Some stories they just don’t teach in Sunday School.
I am still reading through Judges and today I came across a story that, in my extensive 23 year long life as a Christian, have NEVER heard before. The tag line above the section (ESV) is “Jephthah’s Tragic Vow” (Judges 11). What I expected was another war story (Judges is huge on war and conquest and kings and armies etc etc.) What I didn’t expect was this:30And Jephthah made a vow to the LORD and said, “If you will give the Ammonites into my hand, 31then whatevercomes out from the doors of my house to meet me when I return in peace from the Ammonites shall be the LORD’s, and I will offer it up for a burnt offering.”
Jephthah did win that battle. And who should come out of that door?
His daughter. With a tambourine, dancing in happiness for her father’s victory and return.
This made me think of the story of these guys:
Abraham and Isaac. What is different here is that this was a test from God. God stopped Abraham from sacrificing Isaac. Human sacrifice is not okay in the Bible (click the picture above for a good blog post about the story of Abraham and Isaac.)
What is different about Jephthas’ story is that the daughter is not saved. She is granted two months to go up to the mountain with her friends and lament her virginity before she dies (dieing a virgin is made into the biggest tragedy of her death. It makes sense with my limited knowledge of how women were validated in those times. Hey, maybe she really wanted to be a mommy.)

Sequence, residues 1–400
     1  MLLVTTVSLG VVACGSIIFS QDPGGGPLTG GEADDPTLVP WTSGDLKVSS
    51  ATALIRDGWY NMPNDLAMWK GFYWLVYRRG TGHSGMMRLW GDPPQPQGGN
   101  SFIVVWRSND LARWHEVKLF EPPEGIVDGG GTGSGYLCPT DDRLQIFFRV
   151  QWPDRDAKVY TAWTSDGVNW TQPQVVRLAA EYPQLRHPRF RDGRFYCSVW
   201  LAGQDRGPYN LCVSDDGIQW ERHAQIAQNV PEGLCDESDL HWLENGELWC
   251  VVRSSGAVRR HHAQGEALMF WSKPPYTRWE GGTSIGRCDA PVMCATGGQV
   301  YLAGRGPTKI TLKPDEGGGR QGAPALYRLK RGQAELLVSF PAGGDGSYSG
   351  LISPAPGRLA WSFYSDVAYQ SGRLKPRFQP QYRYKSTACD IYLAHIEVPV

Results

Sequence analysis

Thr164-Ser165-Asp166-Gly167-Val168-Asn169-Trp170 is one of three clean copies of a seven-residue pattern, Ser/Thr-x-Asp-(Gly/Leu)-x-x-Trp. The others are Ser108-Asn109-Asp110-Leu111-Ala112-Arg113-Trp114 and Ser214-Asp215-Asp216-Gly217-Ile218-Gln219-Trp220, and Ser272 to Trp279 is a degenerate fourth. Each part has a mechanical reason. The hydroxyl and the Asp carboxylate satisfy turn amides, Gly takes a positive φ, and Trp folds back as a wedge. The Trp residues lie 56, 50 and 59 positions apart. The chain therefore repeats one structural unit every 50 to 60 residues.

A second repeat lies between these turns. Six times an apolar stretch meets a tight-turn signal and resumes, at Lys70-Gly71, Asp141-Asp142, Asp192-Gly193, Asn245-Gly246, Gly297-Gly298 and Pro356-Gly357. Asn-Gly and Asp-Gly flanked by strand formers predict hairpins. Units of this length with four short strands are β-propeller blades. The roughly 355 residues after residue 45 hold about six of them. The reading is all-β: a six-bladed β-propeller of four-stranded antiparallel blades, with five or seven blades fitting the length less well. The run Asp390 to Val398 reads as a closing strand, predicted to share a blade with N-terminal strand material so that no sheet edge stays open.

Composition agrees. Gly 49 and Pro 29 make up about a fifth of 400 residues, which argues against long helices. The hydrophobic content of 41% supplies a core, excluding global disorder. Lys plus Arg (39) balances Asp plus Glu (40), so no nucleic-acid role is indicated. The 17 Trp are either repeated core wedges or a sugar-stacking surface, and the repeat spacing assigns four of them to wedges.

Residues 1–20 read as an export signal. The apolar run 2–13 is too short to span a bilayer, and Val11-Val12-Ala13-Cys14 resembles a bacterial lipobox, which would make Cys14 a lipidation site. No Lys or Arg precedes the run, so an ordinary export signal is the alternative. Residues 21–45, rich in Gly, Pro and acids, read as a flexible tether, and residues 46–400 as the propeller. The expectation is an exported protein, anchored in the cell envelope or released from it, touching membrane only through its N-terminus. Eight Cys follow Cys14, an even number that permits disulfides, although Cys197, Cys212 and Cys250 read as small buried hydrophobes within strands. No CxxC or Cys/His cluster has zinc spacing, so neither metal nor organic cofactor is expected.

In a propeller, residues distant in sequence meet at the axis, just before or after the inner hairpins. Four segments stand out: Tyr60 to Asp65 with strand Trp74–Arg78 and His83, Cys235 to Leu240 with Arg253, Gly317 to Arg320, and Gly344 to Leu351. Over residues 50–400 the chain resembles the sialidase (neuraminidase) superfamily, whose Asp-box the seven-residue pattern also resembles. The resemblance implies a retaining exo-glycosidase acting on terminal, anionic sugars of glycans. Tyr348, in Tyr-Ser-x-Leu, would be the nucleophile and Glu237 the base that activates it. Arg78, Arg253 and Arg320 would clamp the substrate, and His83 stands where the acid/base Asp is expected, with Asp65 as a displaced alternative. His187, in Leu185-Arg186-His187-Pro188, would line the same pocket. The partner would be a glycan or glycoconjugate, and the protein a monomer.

God does not intervene in this story.
I’ve read some commentary and the consensus seems to be that Jephthah made a stupid vow that came back to bite him. Still others say that Jephthah was trying to bargain with God instead of trusting in his provision. Is this an example of a holy screw-up? Are people who are blessed by God allowed to screw up? Jesus later says that we aren’t supposed to make oaths… is this what Jephthah’s daughter’s death is supposed to teach us?
Either way, the girl was burned to death.
You don’t learn these things in Sunday school.
I would love to hear people’s thoughts.